Android Studio: Debugging Tips n' Tricks (Android Dev Summit '19)

[Music] hey everyone I'm David Herman and I'm Justin Nieto and we are developers on Android studio now earlier this year at i/o other members of our team gave me tips and tricks' talk about editing your project in Android studio it is excellent however as developers we all know that there are some days you just spend way more time in your debugger than you do in your code editor so to that end Justin and I we went around our team we asked everybody for their favorite debugging features we don't have a lot of time up here so we narrow them down to what were the essential tips that we think will be easy to incorporate into your debugging flow now in order to showcase these features we put together a simple game inspired by the new Android 10 version rules simply are you grabbed Tim's you get points you run into too many deserts which represent old versions it's game over the core of this game is a loop that tries to run at 60 frames a second where it updates all of the objects in the game and then it renders them I'm going to assume that your own app is not quite the same as this one but don't worry all of the features that we're going to share here will apply for any project now this is all gonna be a demo from this point forward and we have a lot to get into so I'm gonna get out of the way and kick it over to Justin right so as David mentioned we're gonna talk about a lot of debugging tips but if you're anything like me you're gonna sit through this whole presentation and then go home and still use printf statements everywhere to see what's going on that's okay so we have tips for you too we're actually going to start here so if we open up logcat which is where all of our our android logs surface in the IDE you'll see that when we start the app so we have two things going on here we're logging the FPS like the frames per second rate every second and then when Android dies at the end of the game we also log the score that you got through this session so you might notice right away that the there's kind of some bloat here things like the date and the threads that we don't really care about one thing you might not know is that you can go to this settings bar over here and remove some of those information so that we can cut it down you just the tag and the message that we care about right yeah so even with this you might notice that we have all of these spammy logs and they're kind of getting in the way of us seeing these high score messages so what we can do there is actually search here to filter things down and this is nice but if this is a super useful search that you do all the time or you have multiple searches you might want actually save this so you can come back to it later so what we can do to make that happen is to go here and add a custom filter so if we go over here and edit filter configurations I did this before but so we can type in so in this case I'm looking at high scores I can type in the substring that I'm looking for and now I have the same filtering effect but I can jump back and forth between different ones so for now I'll go back to the whole the whole log set so that's great but maybe we really want to look at every log in the game we just don't want these spammy FPS logs so what we can do here is highlight the substring that's relevant between all these different spammy things that we don't care about right click on it and go to fold lines like this and this creates a filter for us that will collapse all of these messages together and leave just the things we care about so if I do this you'll see that now we're just looking at the scores and some other information from the emulator and if we need to look at this information later we can always expand it or collapse it so now that we've got all the the logging bits out of the way let's go ahead and jump into some code in sorry in particular we're gonna start at this loop that happens every every frame of the game loop where we go through all the items and reason over them so I should since it happens every frame I should be able to set a breakpoint here and when I start debugging this should hit pretty immediately so let's go ahead and do that Oh No okay so I didn't do that just kidding so the I did this on purpose I hit the Run button when I started the app instead of hitting the debug button and while I did it on purpose to demonstrate the next feature I want to show this actually happens to me quite a bit in real life and it can be super frustrating to stop the app start at any debug mode again and then work your way all the way back to this state that you're trying to deep from so what you can do instead is click this icon over here and attach the debugger to the already running process and when I do that you'll see that we hit the breakpoint pretty immediately so that being said we have our breakpoint but say the bug that we're tracing down is related to when Android actually hits one of these desserts it's not good to have a breakpoint right here because it gets hit every frame and we never get up to the dessert that we're trying to hit to repro so instead what we might want to do is go down to the part of the code where we've actually determined that we've hit a dessert one thing that's nice because I don't need this breakpoint anymore I can just drag it to the line that I care about and it gets rid of it from the old line and then I can run and when I collide now I get it on collisions that's great but maybe the bug that I'm actually chasing down is only related to the last dessert that I hit you know when Android dies at the end so for that we have the same problem I have to stop every time I hit a dessert that gets tedious so what we can do is what's called setting a conditional breakpoint so I can right click on this break one in the debugger add my condition I can put any boolean expression in Kotlin here and if it evaluates to true when the code hits it then we'll we'll catch at the breakpoint so in this case I'm going to type you know player dot health is equal to one because we're about to decrement it for the last time in the case that we care about and when I go through that we won't catch until so we hit twice and we didn't catch now i hit the last one and i've caught the breakpoint and i only get the case that I care about so to take this example even further if we're talking about say the boat that we're tracing is actually last dessert that you hit but when we render the hearts so if I jump down into our render loop where we make that determination in between broken and fall hearts I could set a breakpoint here and because I've already hit the other conditional breakpoint when I run it'll go through to the rendering step and that's fine but if I want to check this condition you know multiple times I want to cycle through this in case the the bug doesn't repro every time this isn't a great thing to do to leave this unconditional breakpoint here because they have the same problem every frame I'm going back through what I can do to get around this is right-click on the breakpoint again open up the more menu and go to this section here where we can disable the breakpoint until the first one that we had was hit so now we end up with that the game run through now we end up with I'm not stopping every time because the breakpoint is disabled and then when I hit the last desert our first breakpoint catches and because we've hit the first breakpoint it's activated the other dependent breakpoint and when I run through we land there in the render loop so what you might have noticed during all these things is when we right-click on the let's keep waiting when we right-click on these breakpoints and start working with them you'll notice this suspend tab here and so far we've had all selected for all of this and that means that when the currently executing thread encounters the breakpoint we will just stop every thread in the application and that that pauses the whole game State and that can be useful for the bug like we were talking before with rendering the hearts but if you're working in a multi-threaded application and you're chasing down some really tricky synchronization issue you might also want to try suspending just the thread that encountered the breakpoint so to highlight this functionality we have a section of the game that's responsible for when Android dies simulating sending off the score to some server somewhere in our case we just delay and log some stuff but if I set a breakpoint here in the background thread what we're doing our network call right-click it and tell it to de spent to suspend on just the thread then what I can do is play through my game which is over again play through my game and you'll notice that because I died before I'm already in the background thread but the UI thread is still active which means I can cycle through the whole game again and get myself in a state where say I have you know multiple Network calls queued and I can try to reproduce some kind of tricky synchronization issue there so for the next the next tip I want to show you the rest of the breakpoints that we have set aren't particularly useful so I'm going to go ahead and try to disable them here so what I can do to do that right is right click and then deselect enabled and that's fine but what might be handier is to use alt-click which will just toggle these guys on and off or option-click if you're on Mac so all that being said I'll go to my last tip which isn't that line it's this one so this is the part of the code where we determine the score score multiplier which is this this guy up here that determines you know how much your points are multiplied by when you hit a 10 let's say I need to track this value over you know all sorts of times in the app like like very very many times I can set a break point here and I can run through my app we have the same problem I hit this guy all the time when the game's running I hit this guy all the time and then I have to chase down the information I'm looking for through this whole menu which can be tedious what I really want to do is is log the the multiplier value here but I don't want to drop logs all over like log statements all over my code it's kind of a pain um so what we can do instead is leave our break point and disable suspension altogether so now whenever we hit this break point we're not gonna stop the app then I can go over here to this evaluate and log section and I can type in any Kotlin expression so in this case my multiplier is you know scored multiplier and now when when the thread encounters this breakpoint it doesn't stop it just evaluates this expression logged it to the console and moves on if you don't need that much information you just need to check to see if we go through a certain code path you can deselect this and instead choose to have a breakpoint hit message and I'll just tell you that you you hit this breakpoint at this time and in fact that's so handy that there's a shortcut for it if you shift click in the gutter it'll create one of these for you so those are all the tips that I wanted to share I'm gonna invite David back over to tell you about some of the ones that he knows all right have you ever found yourself working on a bug where you're not making progress so you tried to put it aside for a bit and then work on a second bug but while you're working on that bug you keep hitting the break points from the first bug you're not ready to delete those break points yet so you just keep disabling one at a time well it turns out there's a better way using break point groups so I'm gonna go here let's imagine that this was a break point we just hit right-click on the break point go to more and this now you see all the break points up here you can multi-select them right-click create a new group for them you can name this after the bug that you're working on I'm just gonna call this just in now that they're grouped now that they're grouped you can enable them toggle them on and off for the single click and when you're done with the buggy could also just bleed all of them as well all right I'm gonna jump back into the code now for some context this is the function responsible for initializing the current item so I'm gonna let this run a couple times you can see it so when the item is off the top of the screen we don't yet know if it's going to be a random dessert or a number 10 now let's say here I want to step into this generate random type method but I accidentally step over it now I may have stepped over on purpose also but the maybe the result was a little bit confusing to me I didn't expect it so what I wish I could do in retrospect was step into it well if you're targeting a device that's running at least Android 10 you can click on this drop frame button and what that's gonna do is it's gonna pull you out of the current method and put you right back to before it started so when you step into it again you get your second chance yeah now this feature is not a time machine so if I was in the middle of a long function and it had done a lot of intermediate work for example modified the state of this current class that doesn't get undone when you drop frame this is not a deal breaker it's just something to be aware of and despite that this feature has saved me a ton of times all right now I'd like to bring your focus down here to the variables window so this is the item class and this particular instance of an item is ID one zero two three one so as you can see on the screen there's already a couple of items there but let's say I just want to follow the life cycle of just this particular item now what I might have done in the past is write down one zero two three one on a piece of paper but that's a little error-prone instead just right-click on it mark the object it asks you for a label I'm going to creatively call it my item and immediately you'll notice that anywhere that this appears in any of these debugging windows it's labeled now my favorite part of this is if I come over here to a random method oh by the way did you know you can click on the line gutter and you'll run to that directly so now I'm in the render method and my item instance of course is not in scope what I could do is come over to the watches window and I can type my label my item followed by underscore debug label we don't have to worry about remembering it because it autocompletes it for you and anywhere in my app I can actually follow my single instance to see what it's state is doing this is actually very powerful when combined with conditional breakpoints which we talked about earlier so this line here is responsible for rendering all of these items so what I'm going to do is I'm going to set a breakpoint on the line I'm gonna right-click on it and I'm gonna set my condition to item equals my item debug label and when I run there sure enough you can see that I am actually highlighting my particular item and I didn't have to step over the breakpoints of the other instances now as long as we're here and we're at a breakpoint what you can what you can do is you can click on this evaluate expression button to bring up the evaluate expression dialog it sometimes opens up here in single line mode so I like to expand it to multiple lines like the Watchers window you can type in any expression here so let's just do item dot image and then hit the evaluate button and you can browse the object in this object browser below but you can do richer expressions in here as well like you can create variables you can use if statements and let me just go ahead and verify that this is working just by putting in a random expression and there you go so sometimes the variable and watch windows are great for when you're trying to watch values and value change over time as you step through the code but the evaluate expression dialog is really great if you just want a live inspection shell that you can see the current state of your app and maybe you're not really sure what you want to debug but you can you dive in by doing these evaluations all right I'm gonna jump back to some code that to a break point that Justin said earlier remember this is the code responsible for colliding with a desert and there's a condition on it as you can see it's player dat health equals one I'm gonna enable it now this is gonna be a little bit hard to see in this case but I'm gonna try running into some deserts and see if you can notice there's a very slight stutter even when the breakpoint doesn't hit let me go ahead and it's a little bit hard to see but now here on the third one so even in this case if you couldn't quite see it whenever you have a conditional breakpoint even if you don't stop the debugger still has to do the work to evaluate that expression and if this was in the middle of a really tight loop this might become really noticeable unfortunately there's not really much you do in that case if this is actually really affecting your debugging experience so what you just have to do is you know type the expression out explicitly I'm just gonna put an O up here so I could hook my breakpoint on it and at this point I've ever done the code version of what the conditional breakpoint was here which I sometimes have to do for performance this is a point where you might decide to restart your app and read debug it or we hit the debug button but instead let's go ahead and use apply changes which is available and all Android devices at least running 8.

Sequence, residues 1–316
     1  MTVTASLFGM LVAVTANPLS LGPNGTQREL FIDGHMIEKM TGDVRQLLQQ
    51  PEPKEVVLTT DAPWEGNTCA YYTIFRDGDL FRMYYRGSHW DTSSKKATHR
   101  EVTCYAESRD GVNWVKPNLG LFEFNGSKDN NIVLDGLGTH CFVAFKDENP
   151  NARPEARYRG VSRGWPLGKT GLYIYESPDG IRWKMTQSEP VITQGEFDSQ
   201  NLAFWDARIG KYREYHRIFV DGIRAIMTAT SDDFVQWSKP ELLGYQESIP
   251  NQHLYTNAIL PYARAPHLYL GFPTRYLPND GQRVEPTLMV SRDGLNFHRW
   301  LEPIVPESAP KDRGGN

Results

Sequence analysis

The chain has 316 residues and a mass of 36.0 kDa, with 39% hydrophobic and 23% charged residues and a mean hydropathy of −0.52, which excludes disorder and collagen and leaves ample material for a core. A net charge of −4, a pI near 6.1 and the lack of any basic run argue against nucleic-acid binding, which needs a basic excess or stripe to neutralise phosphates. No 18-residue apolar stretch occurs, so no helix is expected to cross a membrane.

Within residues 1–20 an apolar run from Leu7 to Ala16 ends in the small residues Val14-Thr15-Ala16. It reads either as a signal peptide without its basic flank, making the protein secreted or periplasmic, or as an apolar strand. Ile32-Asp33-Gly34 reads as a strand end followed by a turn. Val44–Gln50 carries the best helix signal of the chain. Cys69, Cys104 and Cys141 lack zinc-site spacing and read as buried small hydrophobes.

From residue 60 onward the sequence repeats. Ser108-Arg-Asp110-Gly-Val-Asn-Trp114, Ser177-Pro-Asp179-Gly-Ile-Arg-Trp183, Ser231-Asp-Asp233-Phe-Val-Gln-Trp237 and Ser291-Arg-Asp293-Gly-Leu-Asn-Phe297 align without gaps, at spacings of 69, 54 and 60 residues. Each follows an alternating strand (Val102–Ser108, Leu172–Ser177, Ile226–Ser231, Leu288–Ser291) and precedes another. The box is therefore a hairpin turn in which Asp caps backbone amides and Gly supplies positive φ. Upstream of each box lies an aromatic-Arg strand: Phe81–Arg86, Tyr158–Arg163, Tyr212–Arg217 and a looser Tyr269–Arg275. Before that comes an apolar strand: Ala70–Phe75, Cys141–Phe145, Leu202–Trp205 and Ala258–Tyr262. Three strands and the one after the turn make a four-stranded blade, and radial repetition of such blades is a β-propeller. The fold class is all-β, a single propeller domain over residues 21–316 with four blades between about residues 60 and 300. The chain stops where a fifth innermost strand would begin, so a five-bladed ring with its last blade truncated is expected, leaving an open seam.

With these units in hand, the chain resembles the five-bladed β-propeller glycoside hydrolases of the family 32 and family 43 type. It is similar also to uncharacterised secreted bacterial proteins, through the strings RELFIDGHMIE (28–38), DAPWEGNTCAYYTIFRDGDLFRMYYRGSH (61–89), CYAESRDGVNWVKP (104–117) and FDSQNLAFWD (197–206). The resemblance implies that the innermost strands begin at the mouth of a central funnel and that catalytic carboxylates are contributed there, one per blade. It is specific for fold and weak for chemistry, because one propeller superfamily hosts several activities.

0 now what this is going to do is this is going to apply my code patch over and I want to draw your attention here to the frames window because it now says obsolete so what's happened is I used to in this old version of the update method and we've pushed over this new version with my break with my new code in it but that being said the debugger is still stuck in the old one so what I'm gonna do is I'm gonna use the drop frame feature we talked before I'm gonna go out of the old and step back into the new so here I verified that in fact the code has been patched because I hit the breakpoint I also want to call everyone's attention to this other button I'm here so both of these buttons are apply changes this first one is responsible for patching just code this second one does the same thing but it also restarts the activity afterwards this could be really useful if you modified some layout resources or if the code that you're trying to debug is for example in a non creative method all right and finally despite all of these tips and tricks you are going to still write some bugs you're still going to publish them and you're still gonna get bug reports so if you ever get a bug report that has a call stack in it here it just looks like a bunch of text just copy it come back over here to Android studio click on analyze it's really tiny but analyze analyze stack trace and you'll see that it already found the value that was in the clipboard all I have to do is hit ok it's gonna drop my call stack into the console below fully annotated so very quickly I can see that this is my codebase versus this is code that I might not have to page in Jinju and of course you can click on the links to quickly jump through your codebase alright that concludes the demo right so we talked about a lot of different tips today and there were as we mentioned before there was still more that we couldn't fit into this talk so if you're watching recording on this video please check the description and we'll try to include some helpful links there if you are here in person come talk to us in the sandbox and we'd love to expound on some of the expand on some of these more if we forgot your favorite debugging tip please tell us leave it in a comment tell us in person because we'd love to know what it is to incorporate it in our own workflow with that thank you all so much [Applause] [Music] you [Music].